Wednesday April 3rd


US stock futures rise on hopes the US and China are close to a trade deal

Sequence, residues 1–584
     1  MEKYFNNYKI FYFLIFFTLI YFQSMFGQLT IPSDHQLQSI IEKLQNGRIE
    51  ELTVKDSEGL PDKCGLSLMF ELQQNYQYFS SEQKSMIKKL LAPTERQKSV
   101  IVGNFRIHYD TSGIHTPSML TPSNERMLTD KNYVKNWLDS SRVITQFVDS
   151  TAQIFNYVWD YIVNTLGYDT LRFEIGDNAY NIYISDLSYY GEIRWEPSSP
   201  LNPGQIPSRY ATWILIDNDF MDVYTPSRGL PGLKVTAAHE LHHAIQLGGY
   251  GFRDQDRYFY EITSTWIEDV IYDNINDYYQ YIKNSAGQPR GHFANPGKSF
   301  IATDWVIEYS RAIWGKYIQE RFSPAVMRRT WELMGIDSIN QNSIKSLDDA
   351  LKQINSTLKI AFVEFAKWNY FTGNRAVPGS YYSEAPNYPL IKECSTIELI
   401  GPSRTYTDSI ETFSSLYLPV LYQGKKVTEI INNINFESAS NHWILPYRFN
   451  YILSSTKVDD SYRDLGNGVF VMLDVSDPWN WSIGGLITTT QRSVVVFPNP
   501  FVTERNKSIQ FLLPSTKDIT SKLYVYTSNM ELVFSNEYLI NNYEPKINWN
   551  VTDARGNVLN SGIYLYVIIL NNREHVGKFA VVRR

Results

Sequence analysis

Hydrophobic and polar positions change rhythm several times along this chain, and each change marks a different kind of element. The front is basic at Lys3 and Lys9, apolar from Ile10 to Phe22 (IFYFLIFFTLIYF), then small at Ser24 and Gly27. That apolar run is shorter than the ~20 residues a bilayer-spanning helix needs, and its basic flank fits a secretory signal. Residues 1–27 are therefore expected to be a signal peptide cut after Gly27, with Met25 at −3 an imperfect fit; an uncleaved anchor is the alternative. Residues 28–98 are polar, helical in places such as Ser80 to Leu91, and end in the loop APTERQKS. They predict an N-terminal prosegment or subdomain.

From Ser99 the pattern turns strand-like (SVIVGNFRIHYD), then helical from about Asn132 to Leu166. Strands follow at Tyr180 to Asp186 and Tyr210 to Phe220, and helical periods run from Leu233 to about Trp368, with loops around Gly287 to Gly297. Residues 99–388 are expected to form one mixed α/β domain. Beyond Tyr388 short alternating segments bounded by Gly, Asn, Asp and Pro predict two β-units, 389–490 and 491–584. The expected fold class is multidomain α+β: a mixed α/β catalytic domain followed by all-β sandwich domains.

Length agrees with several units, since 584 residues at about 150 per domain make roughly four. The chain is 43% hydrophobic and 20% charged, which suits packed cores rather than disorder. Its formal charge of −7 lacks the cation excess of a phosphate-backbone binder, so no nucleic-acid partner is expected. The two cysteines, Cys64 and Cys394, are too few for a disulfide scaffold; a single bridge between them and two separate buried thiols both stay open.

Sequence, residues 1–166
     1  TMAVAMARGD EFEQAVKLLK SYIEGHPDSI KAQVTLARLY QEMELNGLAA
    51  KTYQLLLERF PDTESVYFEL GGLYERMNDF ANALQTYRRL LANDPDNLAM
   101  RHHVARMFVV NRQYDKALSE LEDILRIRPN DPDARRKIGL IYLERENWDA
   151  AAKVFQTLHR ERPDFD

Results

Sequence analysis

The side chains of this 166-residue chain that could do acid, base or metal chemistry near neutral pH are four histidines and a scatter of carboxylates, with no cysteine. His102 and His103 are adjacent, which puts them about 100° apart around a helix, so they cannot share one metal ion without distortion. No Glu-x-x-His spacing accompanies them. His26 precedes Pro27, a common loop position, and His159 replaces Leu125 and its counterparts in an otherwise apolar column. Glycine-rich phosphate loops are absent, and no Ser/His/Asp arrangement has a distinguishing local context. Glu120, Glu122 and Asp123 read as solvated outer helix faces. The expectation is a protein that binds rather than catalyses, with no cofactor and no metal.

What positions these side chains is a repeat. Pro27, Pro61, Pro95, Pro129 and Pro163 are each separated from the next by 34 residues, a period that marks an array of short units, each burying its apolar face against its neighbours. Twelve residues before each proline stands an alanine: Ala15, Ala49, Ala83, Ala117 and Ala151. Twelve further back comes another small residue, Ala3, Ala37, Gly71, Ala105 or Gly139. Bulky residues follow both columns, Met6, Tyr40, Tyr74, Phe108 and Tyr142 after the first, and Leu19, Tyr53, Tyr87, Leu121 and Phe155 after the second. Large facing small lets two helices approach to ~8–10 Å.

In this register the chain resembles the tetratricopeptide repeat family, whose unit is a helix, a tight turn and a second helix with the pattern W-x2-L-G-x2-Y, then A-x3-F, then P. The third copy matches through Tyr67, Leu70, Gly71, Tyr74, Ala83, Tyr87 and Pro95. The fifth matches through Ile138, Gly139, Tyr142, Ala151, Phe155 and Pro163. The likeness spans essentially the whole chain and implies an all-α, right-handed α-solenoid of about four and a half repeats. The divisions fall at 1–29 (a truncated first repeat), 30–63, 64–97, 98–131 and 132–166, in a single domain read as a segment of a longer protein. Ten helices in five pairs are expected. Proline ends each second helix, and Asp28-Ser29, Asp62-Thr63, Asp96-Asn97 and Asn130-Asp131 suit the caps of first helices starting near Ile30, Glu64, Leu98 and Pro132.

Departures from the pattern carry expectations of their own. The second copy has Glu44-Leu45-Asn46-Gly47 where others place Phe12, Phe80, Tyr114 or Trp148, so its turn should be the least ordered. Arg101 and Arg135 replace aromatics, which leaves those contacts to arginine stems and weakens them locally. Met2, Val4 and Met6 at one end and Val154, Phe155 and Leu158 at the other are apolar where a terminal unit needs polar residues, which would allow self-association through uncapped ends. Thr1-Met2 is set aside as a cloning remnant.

U.S. stock index futures rose Wednesday on optimism over U.S.-China trade talks. As of 8:20 a.m. ET, Dow Jones Industrial Average futures indicated a gain of 92 points at the open. S&P 500 and Nasdaq futures also rose. American and Chinese officials are reportedly closing in on a trade deal, having resolved most of the outstanding issues in their protracted trade dispute. Both countries have levied tariffs on billions of dollars' worth of each other's goods since last year. According to the Financial Times, Beijing wants Washington to remove existing U.S. duties on Chinese imports, while the Trumpadministration wants China to agree to enforcement measures that ensure the country sticks to the deal. U.S. Trade Representative Robert Lighthizer and Treasury Secretary Steven Mnuchin are scheduled to meet with Chinese Vice Premier Liu He later on Wednesday to resume talks. The news appeared to support global equities as well as U.S. futures, with both European and Asian markets climbing Wednesday. This comes after a rocky previous session for Wall Street. The Dow fell for the first time in four sessions Tuesday, pulling back from a solid rally at the start of the week. Gains were capped, however, by weaker-than-expected employment data. Private payrolls increased by 129.000 in March, according to ADP and Moody's Analytics. That is well below a Refinitiv estimate of 173,000. A bearish call on Caterpillar shares also kept the market in check. Caterpillar shares fell 0.6 percent after Deutsche Bank downgraded the industrial giant to hold from buy and slashed its 12-month price target. The bank cited a "collapse" in synchronized global growth. Major Asian stock markets closed higher on Wednesday following a report that said the U.S. and China are closer to reaching a trade agreement. Mainland Chinese stocks closed higher as they bounced from a tepid morning session, with the Shanghai composite adding 1.24 percent to 3,216.30 and the Shenzhen component gaining about 0.78 percent to 10,340.51. The Shenzhen composite advanced 0.824 percent to 1,772.09. Hong Kong's Hang Seng index gained 1.19 percent, as of its final hour of trading. Elsewhere in Asia, the Nikkei 225 in Japan added 0.97 percent to close at 21,713.21. The Topix index rose 0.63 percent. Over in South Korea, the Kospi gained 1.2 percent to finish at 2,203.27. Oil prices rose for a fourth day on Wednesday, pushing Brent towards a nearly five-month high of $70 a barrel as support from OPEC-led supply cuts and U.S. sanctions overshadowed a report showing an unexpected rise in U.S. inventories. Brent futures gained 38 cents, or 0.55 percent, to $69.75 by 0900 GMT. They earlier reached $69.96 - the highest since Nov. 12, when they last traded above $70. U.S. West Texas Intermediate crude rose 20 cents or 0.32 percent to $62.78, having hit $62.99, the highest since Nov. 7. "The psychologically important $70 a barrel threshold has proved a tough nut to crack for the Brent benchmark over the past few weeks," PVM oil broker Stephen Brennock said. Gold prices edged lower on Wednesday as safe-haven demand for the metal was hurt by a risk-conducive environment with equities rallying to seven-month highs, while a weaker dollar limited bullion's losses. Spot gold edged 0.2 percent lower to $1,290.81 per ounce as of 0742 GMT, having touched its lowest level since March 7 at $1,284.76 in the previous session. U.S. gold futures were flat at $1,295.50 an ounce.